The Supreme Court often saves its blockbuster cases for the very last day of its term, which ends this year on June 30. On this final day of the term, the Court will be handing down a decision with potentially broad implications not only for the rights of women and workers, but also for corporate personhood and religious liberty.
The Court will confront these issues in Burwell v. Hobby Lobby, Inc., and Conestoga Wood Specialties Corp v. Burwell, two related cases that challenge the Affordable Care Act's requirement that most company insurance plans must cover the full range of FDA-approved contraceptives. The owners of the companies challenging the contraception coverage provision argue that requiring their companies to provide coverage for certain forms of contraception violates their religious beliefs. They have sued for an exemption from the ACA contraception coverage requirement under a law, the Religious Freedom Restoration Act (RFRA), that protects religious free exercise rights as they have been protected under the First Amendment for the first 200 or so years of our nation's history.
Never in those more than 200 years have corporations like Hobby Lobby been understood to share in the right of the free exercise of religion, and for good reason -- our nation's protection of religious liberty has been seen as a personal right, inextricably linked to the human capacity to express devotion to a God and act on the basis of reason and conscience. Business corporations, obviously, lack the basic human capacities -- reason, dignity and conscience -- at the core of the right to free exercise of religion.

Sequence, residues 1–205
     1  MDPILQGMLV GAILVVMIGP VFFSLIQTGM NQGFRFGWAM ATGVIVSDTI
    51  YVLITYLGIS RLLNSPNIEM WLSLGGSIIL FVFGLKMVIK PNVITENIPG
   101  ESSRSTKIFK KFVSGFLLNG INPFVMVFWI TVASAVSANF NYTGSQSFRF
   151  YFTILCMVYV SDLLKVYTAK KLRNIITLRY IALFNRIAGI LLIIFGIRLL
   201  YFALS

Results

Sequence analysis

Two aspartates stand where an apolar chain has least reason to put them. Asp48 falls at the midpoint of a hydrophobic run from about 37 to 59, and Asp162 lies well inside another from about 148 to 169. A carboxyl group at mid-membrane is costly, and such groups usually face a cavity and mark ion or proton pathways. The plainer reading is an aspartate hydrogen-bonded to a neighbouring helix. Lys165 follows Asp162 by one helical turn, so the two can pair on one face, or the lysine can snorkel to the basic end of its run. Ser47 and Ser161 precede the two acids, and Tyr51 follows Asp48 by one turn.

Certainly some incorporated entities, such as churches and other houses of worship, are given free exercise protections (and religious organizations are, in fact, given exemptions from the contraception coverage mandate). But both the law and common sense tell us that there is an important difference between a church and a for-profit corporation formed to engage in commerce. From the employee's perspective, this difference is plain: when you sign up to work for a nationwide craft store or cabinet maker -- or burger joint, airline, or big-box store -- you likely wouldn't expect to be subject to the religious beliefs of the owners of the company that employs you, as opposed to an employee hired to teach religion and other classes at an explicitly religious school.
The religious free-exercise claims of Hobby Lobby's owners turn first principles of religious freedom, as well as fundamental tenets of corporate law, on their head. Hobby Lobby's owners want their to have their cake and eat it, too: they want all the benefits of operating through the corporate form but none of the responsibilities. In the balance are the rights of Hobby Lobby's employees, women and their families who risk losing important health benefits they are legally entitled to under the Affordable Care Act.
Supporters of the Affordable Care Act had reason to celebrate two years ago when, in another ruling handed down by the Court on the very last day of the Supreme Court Term, a majority of the Court upheld the ACA as constitutional. If the Justices follow more than 200 years of constitutional law and history, not to mention basic principles of corporate law, the Court should hand another victory to Obamacare. Of course, whether they will or not is another matter. Either way, we'll find out soon enough how this year's Obamacare sequel turns out.